He needs a stem cell transplant to replenish his own blood cells, which are being destroyed by chemotherapy – the closer the match is, the more likely the treatment is to work. 

Ms Senter added: ‘I visited Oscar in hospital last month when it was his birthday. All the parents bought gifts for him.

‘Because of all the chemo he was very swollen but you could tell he was very much still him inside.

‘When we came out we knew we needed to do everything we could to support him.’

It is unknown whether doctors have already searched the existing stem cell register to find a match for Oscar but Sarah Gray, spokesperson for the charity DKMS told the BBC: ‘It’s really difficult to find a match, it’s essentially like winning the lottery. 

‘It’s very complex and so the more people we can get on that register, the more chances there are to saves lives of patients like Oscar.’


As a treatment for acute lymphoblastic leukaemia (ALL), stem cell transplants work by replacing blood cells which are diseased or destroyed by chemotherapy.

Having a stem cell transplant means the body can withstand higher doses of chemotherapy and other cancer treatments.

During chemo, while cancer cells are destroyed by the drugs, so too are healthy blood cells which are necessary for the internal organs and immune system to work properly.

If too many of these are destroyed it can be deadly, so doctors must control how much chemotherapy someone has – they want to destroy as many cancerous cells as possible without killing a deadly amount of healthy cells.

Having a donor means that cells killed by chemo can be replaced using donor stem cells – which turn into red and white blood cells once injected into the body – helping the patient to recover quicker from the gruelling therapy. 

Stem cells are taken from a donor’s blood sample so are preferable to bone marrow transplants, which have to be done under general anaesthetic.

Source: Cancer Research UK

The charity which tests swabs collected at registration events, DKMS, said its previous record for a single event was 2,200 people, meaning the turnout for Oscar’s more than doubled the record

The school session happened after Oscar’s parents, Olivia Saxelby and Jamie Lee, launched their ‘Hand in Hand for Oscar’ appeal to try and get as many people as possible to get tested

Oscar’s mother, Olivia, said: ‘Oscar is a fun, loving, energetic five-year-old boy who deserves to live to the full alongside the other troopers fighting such horrific diseases’

At the registration event, the nearly 5,000 people who turned up filled out forms with their details and had swabs taken so their blood can be tested in a lab to see if it is a match for Oscar’s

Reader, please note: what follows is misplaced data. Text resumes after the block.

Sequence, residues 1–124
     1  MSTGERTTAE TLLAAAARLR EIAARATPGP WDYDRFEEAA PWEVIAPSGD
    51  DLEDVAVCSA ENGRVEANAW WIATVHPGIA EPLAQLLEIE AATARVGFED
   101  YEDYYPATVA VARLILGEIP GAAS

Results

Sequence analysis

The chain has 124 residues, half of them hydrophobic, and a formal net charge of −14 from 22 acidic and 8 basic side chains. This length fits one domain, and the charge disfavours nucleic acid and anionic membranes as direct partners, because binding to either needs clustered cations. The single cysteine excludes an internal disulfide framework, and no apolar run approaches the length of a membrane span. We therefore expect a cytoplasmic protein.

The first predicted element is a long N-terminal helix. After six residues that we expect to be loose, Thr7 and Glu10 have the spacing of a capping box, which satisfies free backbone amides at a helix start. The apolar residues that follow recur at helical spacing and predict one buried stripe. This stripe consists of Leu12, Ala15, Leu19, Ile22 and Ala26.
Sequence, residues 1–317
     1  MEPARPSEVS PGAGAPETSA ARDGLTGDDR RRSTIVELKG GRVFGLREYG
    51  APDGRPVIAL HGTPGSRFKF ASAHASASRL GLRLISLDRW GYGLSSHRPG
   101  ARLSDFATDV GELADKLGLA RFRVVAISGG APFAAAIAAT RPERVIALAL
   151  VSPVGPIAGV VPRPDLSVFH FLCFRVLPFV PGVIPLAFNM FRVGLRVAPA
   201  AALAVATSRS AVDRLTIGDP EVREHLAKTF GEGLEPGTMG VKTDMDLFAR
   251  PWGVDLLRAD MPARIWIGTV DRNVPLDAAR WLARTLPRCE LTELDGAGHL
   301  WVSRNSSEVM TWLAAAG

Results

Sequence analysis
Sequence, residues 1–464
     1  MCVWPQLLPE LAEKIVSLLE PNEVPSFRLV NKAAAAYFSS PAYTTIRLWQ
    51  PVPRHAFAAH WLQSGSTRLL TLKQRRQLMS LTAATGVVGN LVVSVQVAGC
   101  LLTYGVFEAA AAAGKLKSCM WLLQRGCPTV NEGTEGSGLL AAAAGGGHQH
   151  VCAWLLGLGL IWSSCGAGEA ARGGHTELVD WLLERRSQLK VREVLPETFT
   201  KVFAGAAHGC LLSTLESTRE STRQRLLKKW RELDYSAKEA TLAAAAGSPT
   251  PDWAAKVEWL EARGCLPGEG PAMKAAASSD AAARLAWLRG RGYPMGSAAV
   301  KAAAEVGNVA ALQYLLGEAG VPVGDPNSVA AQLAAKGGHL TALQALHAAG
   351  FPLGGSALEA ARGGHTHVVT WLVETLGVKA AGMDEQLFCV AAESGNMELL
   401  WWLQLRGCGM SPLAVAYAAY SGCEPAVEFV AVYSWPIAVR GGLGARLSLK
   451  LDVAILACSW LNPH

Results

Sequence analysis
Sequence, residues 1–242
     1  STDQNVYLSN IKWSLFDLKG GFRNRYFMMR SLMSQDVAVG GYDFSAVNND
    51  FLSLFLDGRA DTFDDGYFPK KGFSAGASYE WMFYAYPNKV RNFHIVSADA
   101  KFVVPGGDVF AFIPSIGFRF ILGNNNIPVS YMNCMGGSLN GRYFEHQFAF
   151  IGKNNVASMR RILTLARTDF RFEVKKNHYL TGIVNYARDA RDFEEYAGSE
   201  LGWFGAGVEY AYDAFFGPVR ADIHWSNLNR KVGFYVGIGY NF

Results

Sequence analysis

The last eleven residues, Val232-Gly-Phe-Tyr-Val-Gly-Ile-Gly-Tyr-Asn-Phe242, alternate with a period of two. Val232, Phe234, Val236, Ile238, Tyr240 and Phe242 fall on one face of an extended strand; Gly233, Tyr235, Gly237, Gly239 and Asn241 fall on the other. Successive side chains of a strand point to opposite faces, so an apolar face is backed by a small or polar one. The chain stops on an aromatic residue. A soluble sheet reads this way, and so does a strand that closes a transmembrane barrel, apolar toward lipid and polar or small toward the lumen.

Oscar’s school has ‘gone into action mode’ to try and find a donor, according to the five-year-old’s teaching assistant, Laura Senter

Oscar’s desperate parents, Olivia Saxelby and Jamie Lee, of St John’s, Worcester, launched an appeal to find a match after his diagnosis.

They aimed to get as many people as possible to sign up to a blood stem cell donor register as part of a campaign called ‘Hand in Hand for Oscar’.

Miss Saxelby, 23, said: ‘We felt like we could not see light at the end of the tunnel, but when looking at Oscar’s cheeky smile, bravery and determination, we managed to pull our strength together again.

‘From that moment of fear and confusion, we as a family became stronger than ever. Oscar reminded us how to fight again and just how courageous he is.

‘Not once has he shown weakness, nor has he ceased to amaze us throughout the most difficult times and that to us is a true warrior.

‘Oscar is a fun, loving, energetic five-year-old boy who deserves to live to the full alongside the other troopers fighting such horrific diseases.

‘Not only does he need to enjoy a normal life a child should live, he now needs someone else to save him.’


Acute lymphoblastic leukaemia (ALL) is a type of blood cancer that starts from young white blood cells in the bone marrow.

There are around 810 new cases in the UK every year. In the US, ALL affects approximately 1.7 adults per 100,000. 

Anyone can develop ALL, however, it mainly affects younger people.

Many ALL symptoms are vague and flu-like, such as: 

  • General weakness
  • Fatigue
  • Fever
  • Frequent infections
  • Bruising or bleeding easily, including nosebleeds, heavy periods and blood in the urine or faeces
  • Unexplained weight loss
  • Bone or joint pain 
  • Breathlessness
  • Swollen lymph nodes
  • Feeling full
  • Paler skin than normal

Risks for developing ALL include exposure to radiation, smoking, being overweight and having a weak immune system.

Research suggests being breastfed and exposed to childhood infections may reduce a person’s risk.

The main ALL treatment is chemotherapy. Patients may also have radiotherapy, steroids or bone marrow transplants.

Source: Cancer Research UK